You get a USB docking cradle and a mains adapter as standard. The s60 can be charged directly from the mains using the adapter, but the connector is proprietary, so if you need to charge in two locations (for example at home and at work), you'll need to buy a second charger or carry the supplied one around.
Acer has done a good design job on the s60 in terms of size and weight. The device measures 12.2cm by 7.8cm by 1.3cm and weighs 145g, which is on a par with many other Palm OS handhelds. In terms of its looks, the s60 is recognisably Palm V-like -- although with one or two twists. The general build of the hardware is robust, and we like the fact that Acer hasn't scrimped on the stylus, which is a decent length and nicely weighted.
A two-tone front panel on the casing separates the usual four application shortcut buttons and rocker from the area containing the screen. Beneath the buttons, to one side, is a small grille housing the system's speaker.
The Graffiti area is in its usual location, with its own four shortcut icons large and clear. All of the icons can be reassigned to launch applications other than those configured by default, as is the norm with the Palm OS; in addition, the one at the top right has an @-like symbol, and is specifically designed to be user-assigned. You can also select a feature to be activated when you drag the stylus from the Graffiti area to the top of the screen. By default this is set to the Graffiti Help, but other options include beaming, backlight settings and invoking the keyboard.
There are some other innovations to be found too. On the bottom of the casing is Hold switch which when in the 'lock' position prevents any buttons being accidentally pressed while the s60 is in transit. And on the upper edge of the left-hand side is what Acer calls the Multi Function Button. By default, this is a back button, but it can be configured to launch Recorder, an Acer-supplied application for making voice notes. The microphone is ergonomically positioned on the upper left edge of the case.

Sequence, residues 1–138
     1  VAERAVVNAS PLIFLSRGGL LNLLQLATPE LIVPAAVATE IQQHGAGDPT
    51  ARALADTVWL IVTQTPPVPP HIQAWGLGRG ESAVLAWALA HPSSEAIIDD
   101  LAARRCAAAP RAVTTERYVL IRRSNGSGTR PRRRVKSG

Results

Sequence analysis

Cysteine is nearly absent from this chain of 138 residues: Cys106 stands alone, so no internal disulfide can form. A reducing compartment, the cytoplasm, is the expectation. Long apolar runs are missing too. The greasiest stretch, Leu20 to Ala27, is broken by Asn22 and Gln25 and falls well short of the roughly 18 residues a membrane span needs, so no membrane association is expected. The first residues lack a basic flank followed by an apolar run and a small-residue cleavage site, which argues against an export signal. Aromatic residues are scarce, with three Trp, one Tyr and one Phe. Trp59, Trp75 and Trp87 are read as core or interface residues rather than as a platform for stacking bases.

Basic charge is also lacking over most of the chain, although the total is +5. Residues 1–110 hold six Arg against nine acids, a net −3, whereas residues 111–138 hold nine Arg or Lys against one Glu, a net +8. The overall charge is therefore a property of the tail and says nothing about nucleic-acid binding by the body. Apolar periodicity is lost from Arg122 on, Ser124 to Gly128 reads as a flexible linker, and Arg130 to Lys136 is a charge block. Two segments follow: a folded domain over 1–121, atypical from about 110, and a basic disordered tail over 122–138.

Acer is clearly aware that to make inroads into the Palm OS market it has to compete with Sony in terms of features and bundled software. The inclusion of MP3 software in the shape of AudioBox, and of Recorder for managing voice notes, is a sign that the company is taking this need seriously as far as multimedia users are concerned. The rest of the software bundle reflects a desire to cast a wider net: PhotoWiz for image management, Filer (a rather good file manager), WalkReader (an ebook reader) and a backup tool.
Acer has done a reasonable job with the s60, packing in some neat features, keeping the hardware relatively small and light, and offering a decent software bundle -- all at a reasonable price. It's not an all-singing, all-dancing handheld, but nor is it an entry-level device, and anyone looking for a mid-priced but well featured handheld shouldn't be disappointed. The Memory Stick slot is Acer's only real gamble with the s60. The format is not as widely supported as either CompactFlash or SD, and so may slightly reduce the s60's appeal.